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IBM前首席执行官:雇佣员工方式必须改变,从现在开始!

IBM前首席执行官:雇佣员工方式必须改变,从现在开始!

乐文澜(Michal Lev-Ram) 2020年06月22日
“我们不能等下一代再来解决这个问题。”

图片来源:IBM

虽然罗睿兰不再是IBM的首席执行官,但她继续留在公司担任董事会执行主席。现在,她计划要改变公司甚至商界雇佣员工的方式。

“我们不能等下一代再来解决这个问题。”罗睿兰说道。她认为在许多公司,黑人与棕色人种高管的任职人数不足。(今年《财富》美国500强榜单上只有5位黑人男性CEO。)

6月18日,这位曾在IBM工作近40年的前首席执行官,在《财富》最具影响力的商界女性的活动上谈到了反种族主义、重新裁员以及对未来职场的看法。

“我们从多元性到包容、平等,再到种族不公平,”罗睿兰表示。“我们的方式和关注点都有问题。无论做什么(推动劳动力多元化),我们都没有完全理解需要如何做出改变。”

罗睿兰分享了一些关于如何做出真正改变的建议。首先,她建议领导者组织一些专门倾听黑人员工想法的会议,这也是IBM迄今为止对2500名员工做过的事情。

罗睿兰说:“每位(黑人)员工都可以谈论被骚扰或歧视的事情。如果你和你的员工一起经历过这些,你将做出改变。”

罗睿兰和许多商界领袖一样,喜欢把想法和计划分成三部分。她提出改变雇佣方式,第一步是审视特定工作职位对员工的要求,并根据优先级,对员工需要具备的技能排序。这种招聘方式不再强调具体的大学要求,而是专注于“技能优先”。第二步是给出清晰的进入公司的路径,而不仅仅是传统的方式,如学徒制。最后,她还鼓励领导者培养公私伙伴关系。

出席此次活动的罗德岛州州长吉娜•雷蒙多补充道,公司和政府部门的相关人士都没有足够齐心协力。

“作为领导人,我们如何以两党合作的方式,利用疫情危机与种族不平等这一时期,采取大规模行动让公司真正改变雇佣方式,让各州和联邦政府真正改变培训方式?”州长向罗睿兰和其他听众问道。

罗睿兰表示,尽管她不再是IBM的首席执行官,但她仍然致力于带来改变,并计划坚持不懈地呼吁企业与政府部门采取更多措施来改变以往培训、招聘和留住人才的方式。

“我们必须为身边人创造更多的机会,”罗睿兰说道。“从家里开始。”(财富中文网)

编译:于佳鑫

虽然罗睿兰不再是IBM的首席执行官,但她继续留在公司担任董事会执行主席。现在,她计划要改变公司甚至商界雇佣员工的方式。

“我们不能等下一代再来解决这个问题。”罗睿兰说道。她认为在许多公司,黑人与棕色人种高管的任职人数不足。(今年《财富》美国500强榜单上只有5位黑人男性CEO。)

6月18日,这位曾在IBM工作近40年的前首席执行官,在《财富》最具影响力的商界女性的活动上谈到了反种族主义、重新裁员以及对未来职场的看法。

“我们从多元性到包容、平等,再到种族不公平,”罗睿兰表示。“我们的方式和关注点都有问题。无论做什么(推动劳动力多元化),我们都没有完全理解需要如何做出改变。”

罗睿兰分享了一些关于如何做出真正改变的建议。首先,她建议领导者组织一些专门倾听黑人员工想法的会议,这也是IBM迄今为止对2500名员工做过的事情。

罗睿兰说:“每位(黑人)员工都可以谈论被骚扰或歧视的事情。如果你和你的员工一起经历过这些,你将做出改变。”

罗睿兰和许多商界领袖一样,喜欢把想法和计划分成三部分。她提出改变雇佣方式,第一步是审视特定工作职位对员工的要求,并根据优先级,对员工需要具备的技能排序。这种招聘方式不再强调具体的大学要求,而是专注于“技能优先”。第二步是给出清晰的进入公司的路径,而不仅仅是传统的方式,如学徒制。最后,她还鼓励领导者培养公私伙伴关系。

出席此次活动的罗德岛州州长吉娜•雷蒙多补充道,公司和政府部门的相关人士都没有足够齐心协力。

“作为领导人,我们如何以两党合作的方式,利用疫情危机与种族不平等这一时期,采取大规模行动让公司真正改变雇佣方式,让各州和联邦政府真正改变培训方式?”州长向罗睿兰和其他听众问道。

罗睿兰表示,尽管她不再是IBM的首席执行官,但她仍然致力于带来改变,并计划坚持不懈地呼吁企业与政府部门采取更多措施来改变以往培训、招聘和留住人才的方式。

“我们必须为身边人创造更多的机会,”罗睿兰说道。“从家里开始。”(财富中文网)

编译:于佳鑫

Ginni Rometty is no longer the CEO at IBM. But the current executive chairman of the tech giant has big plans for transforming the way the company—and the business world more broadly—goes about hiring employees.

“We can’t wait a generation to fix this,” said Rometty, referring to the underrepresentation of black and brown executives in many companies, particularly in the highest ranks. (There are only five black CEOs, all of whom are male, on this year’s Fortune 500 list).

The former CEO, who spent nearly 40 years at IBM, spoke about anti-racism, reskilling workers, and the workplace of the future during a Fortune Most Powerful Women virtual event on June 18. She was surprisingly candid about the failures of many corporate diversity initiatives.

“We moved from [talking about] diversity to inclusion to equality and then to racial injustice,” said Rometty. “Something is wrong with that pattern and with where our focus has been. Whatever we did [to diversify workforces], we didn’t thoroughly understand what we needed to do to change.”

Rometty shared several suggestions for how to push for real change. For starters, she recommended that leaders organize listening sessions with black employees—something IBM has done so with 2,500 people in their own workforce so far.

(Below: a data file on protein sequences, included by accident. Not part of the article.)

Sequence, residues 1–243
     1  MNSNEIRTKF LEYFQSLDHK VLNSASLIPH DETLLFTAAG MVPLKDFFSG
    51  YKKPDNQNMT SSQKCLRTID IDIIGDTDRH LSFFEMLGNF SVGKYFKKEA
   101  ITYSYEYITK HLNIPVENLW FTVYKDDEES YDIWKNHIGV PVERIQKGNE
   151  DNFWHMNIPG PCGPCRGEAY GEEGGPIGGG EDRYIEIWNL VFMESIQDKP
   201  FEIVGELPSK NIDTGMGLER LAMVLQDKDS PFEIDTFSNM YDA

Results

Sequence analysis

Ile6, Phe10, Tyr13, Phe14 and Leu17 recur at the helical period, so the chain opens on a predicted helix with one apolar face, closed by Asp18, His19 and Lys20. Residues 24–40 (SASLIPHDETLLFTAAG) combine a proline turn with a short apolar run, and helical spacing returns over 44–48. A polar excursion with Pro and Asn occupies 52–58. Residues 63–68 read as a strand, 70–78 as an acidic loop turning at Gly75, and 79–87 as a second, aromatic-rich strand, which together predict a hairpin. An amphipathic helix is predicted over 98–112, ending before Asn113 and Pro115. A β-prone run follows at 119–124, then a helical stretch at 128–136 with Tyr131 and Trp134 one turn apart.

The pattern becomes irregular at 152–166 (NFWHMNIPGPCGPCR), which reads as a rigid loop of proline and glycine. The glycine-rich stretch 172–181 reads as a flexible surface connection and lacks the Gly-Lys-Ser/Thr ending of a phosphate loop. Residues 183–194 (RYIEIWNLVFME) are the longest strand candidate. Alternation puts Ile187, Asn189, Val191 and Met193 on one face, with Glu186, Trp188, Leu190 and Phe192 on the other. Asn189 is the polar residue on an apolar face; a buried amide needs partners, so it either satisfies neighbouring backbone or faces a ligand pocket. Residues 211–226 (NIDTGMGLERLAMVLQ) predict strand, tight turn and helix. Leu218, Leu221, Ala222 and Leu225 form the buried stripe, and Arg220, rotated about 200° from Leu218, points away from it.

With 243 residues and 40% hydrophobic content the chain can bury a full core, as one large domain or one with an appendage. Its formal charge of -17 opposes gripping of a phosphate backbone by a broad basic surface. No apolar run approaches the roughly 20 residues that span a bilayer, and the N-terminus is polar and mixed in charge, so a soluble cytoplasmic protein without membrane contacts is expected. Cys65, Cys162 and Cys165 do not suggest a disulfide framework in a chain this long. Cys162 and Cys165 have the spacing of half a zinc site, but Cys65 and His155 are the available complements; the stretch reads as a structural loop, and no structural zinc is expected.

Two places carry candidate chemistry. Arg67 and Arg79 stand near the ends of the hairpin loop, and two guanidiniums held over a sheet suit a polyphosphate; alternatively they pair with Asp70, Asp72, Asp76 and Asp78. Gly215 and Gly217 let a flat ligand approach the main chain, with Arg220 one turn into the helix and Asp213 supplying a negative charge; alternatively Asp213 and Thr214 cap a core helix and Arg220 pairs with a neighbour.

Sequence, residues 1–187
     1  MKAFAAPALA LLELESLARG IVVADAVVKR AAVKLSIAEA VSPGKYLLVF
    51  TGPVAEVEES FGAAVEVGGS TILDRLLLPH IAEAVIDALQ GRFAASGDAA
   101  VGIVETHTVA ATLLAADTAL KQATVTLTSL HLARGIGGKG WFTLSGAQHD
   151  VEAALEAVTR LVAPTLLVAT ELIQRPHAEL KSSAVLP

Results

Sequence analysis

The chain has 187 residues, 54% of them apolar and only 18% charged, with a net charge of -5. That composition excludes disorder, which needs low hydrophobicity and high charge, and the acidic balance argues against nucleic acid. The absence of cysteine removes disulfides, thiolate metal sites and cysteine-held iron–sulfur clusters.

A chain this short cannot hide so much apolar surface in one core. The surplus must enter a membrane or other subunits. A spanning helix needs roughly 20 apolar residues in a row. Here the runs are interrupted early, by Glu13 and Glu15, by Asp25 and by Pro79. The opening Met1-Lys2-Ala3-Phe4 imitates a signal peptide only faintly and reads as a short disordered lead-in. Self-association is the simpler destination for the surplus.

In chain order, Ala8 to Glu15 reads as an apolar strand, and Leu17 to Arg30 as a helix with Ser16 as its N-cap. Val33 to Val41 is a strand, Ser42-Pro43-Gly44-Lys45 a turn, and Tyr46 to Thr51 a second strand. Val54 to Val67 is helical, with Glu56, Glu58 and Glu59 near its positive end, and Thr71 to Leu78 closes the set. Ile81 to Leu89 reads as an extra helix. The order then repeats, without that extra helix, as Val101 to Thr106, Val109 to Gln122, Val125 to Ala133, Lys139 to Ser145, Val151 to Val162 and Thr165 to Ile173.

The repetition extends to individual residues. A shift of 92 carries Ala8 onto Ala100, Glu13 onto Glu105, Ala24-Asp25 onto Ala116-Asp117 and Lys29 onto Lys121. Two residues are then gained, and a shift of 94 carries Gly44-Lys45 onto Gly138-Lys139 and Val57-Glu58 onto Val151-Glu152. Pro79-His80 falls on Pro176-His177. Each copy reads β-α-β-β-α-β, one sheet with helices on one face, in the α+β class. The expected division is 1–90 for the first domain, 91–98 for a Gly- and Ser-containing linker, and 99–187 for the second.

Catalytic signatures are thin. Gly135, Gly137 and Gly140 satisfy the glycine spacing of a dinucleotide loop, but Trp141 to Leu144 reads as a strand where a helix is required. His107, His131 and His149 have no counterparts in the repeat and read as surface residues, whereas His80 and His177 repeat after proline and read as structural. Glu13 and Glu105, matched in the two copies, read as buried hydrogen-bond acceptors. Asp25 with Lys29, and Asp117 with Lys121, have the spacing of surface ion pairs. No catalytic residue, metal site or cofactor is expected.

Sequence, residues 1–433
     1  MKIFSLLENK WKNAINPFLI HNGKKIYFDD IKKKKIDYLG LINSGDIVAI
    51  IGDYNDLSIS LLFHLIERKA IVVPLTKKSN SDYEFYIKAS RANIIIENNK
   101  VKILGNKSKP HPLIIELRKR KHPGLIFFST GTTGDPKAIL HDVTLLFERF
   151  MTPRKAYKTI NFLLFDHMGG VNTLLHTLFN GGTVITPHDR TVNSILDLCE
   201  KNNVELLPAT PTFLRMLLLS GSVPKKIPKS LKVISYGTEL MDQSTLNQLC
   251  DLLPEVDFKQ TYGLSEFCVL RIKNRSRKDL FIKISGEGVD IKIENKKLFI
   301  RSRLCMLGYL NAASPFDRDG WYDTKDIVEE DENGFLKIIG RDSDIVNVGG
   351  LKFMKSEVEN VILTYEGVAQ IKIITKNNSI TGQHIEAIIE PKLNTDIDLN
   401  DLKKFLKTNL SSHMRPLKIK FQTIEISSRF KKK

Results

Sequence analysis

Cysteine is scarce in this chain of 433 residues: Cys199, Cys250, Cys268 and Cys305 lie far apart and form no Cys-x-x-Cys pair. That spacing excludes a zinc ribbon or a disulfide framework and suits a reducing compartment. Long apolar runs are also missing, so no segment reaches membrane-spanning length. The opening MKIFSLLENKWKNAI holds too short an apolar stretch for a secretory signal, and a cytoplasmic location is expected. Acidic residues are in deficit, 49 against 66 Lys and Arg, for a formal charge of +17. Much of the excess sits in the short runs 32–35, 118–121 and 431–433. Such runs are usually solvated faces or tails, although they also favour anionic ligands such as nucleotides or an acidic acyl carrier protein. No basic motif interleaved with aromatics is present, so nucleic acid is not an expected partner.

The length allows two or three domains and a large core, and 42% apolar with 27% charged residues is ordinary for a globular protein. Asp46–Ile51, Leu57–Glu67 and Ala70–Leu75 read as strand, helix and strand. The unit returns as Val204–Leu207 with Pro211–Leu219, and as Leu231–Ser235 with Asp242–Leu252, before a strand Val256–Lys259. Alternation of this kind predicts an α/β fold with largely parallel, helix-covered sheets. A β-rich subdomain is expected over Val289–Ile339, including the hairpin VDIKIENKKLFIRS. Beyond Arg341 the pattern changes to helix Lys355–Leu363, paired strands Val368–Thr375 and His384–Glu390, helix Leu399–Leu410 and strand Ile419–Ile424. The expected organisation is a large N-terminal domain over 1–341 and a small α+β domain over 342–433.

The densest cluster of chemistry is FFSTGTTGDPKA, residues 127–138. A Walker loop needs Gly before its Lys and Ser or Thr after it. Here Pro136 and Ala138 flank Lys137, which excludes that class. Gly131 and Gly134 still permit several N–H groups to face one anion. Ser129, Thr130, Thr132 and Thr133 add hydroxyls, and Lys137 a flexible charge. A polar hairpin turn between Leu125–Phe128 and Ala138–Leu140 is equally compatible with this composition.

“They’re gut-wrenching,” said Rometty. “Every single [black] employee could talk about a moment they were harassed. Every one of them could recall a day they were called a very bad name. If you go through this experience with your employees, you will be forever changed.”

Rometty, who like many business leaders, likes to group thoughts and initiatives in threes, also had a trio of to-dos for executives who are looking to change the way they hire. The first step was to take an honest look at their job requirements and re-prioritize around the skills that are truly needed to excel at any particular position. Do away with specific college requirements and focus on a “skills-first” hiring approach. The second suggestion was to give a clear pathway into your company—and not just the traditional one. Invest in apprenticeship programs, for example. Lastly, Rometty also encouraged leaders to be pursue private-public partnerships.

Rhode Island Gov. Gina Raimondo, who attended the event (and was a speaker at another recent Most Powerful Women interview), added that there aren’t enough people acting in unison from both the corporate and government sectors.

“How do we as leaders, in a bipartisan way, finally use this moment of the COVID crisis and glaring racial inequities to act at scale and get companies to really change the way they hire, and get states and the federal government to really change the way they train?” the governor asked Rometty and others in the audience.

Rometty said that, even though she is no longer the CEO of IBM, she is committed to bring about change and plans to be persistent in her call for more collective action among corporations and the government sector to change old ways of training, hiring, and retaining employees.

“We’ve got to scale opportunity for the underserved around us,” said Rometty. “It starts at home.”

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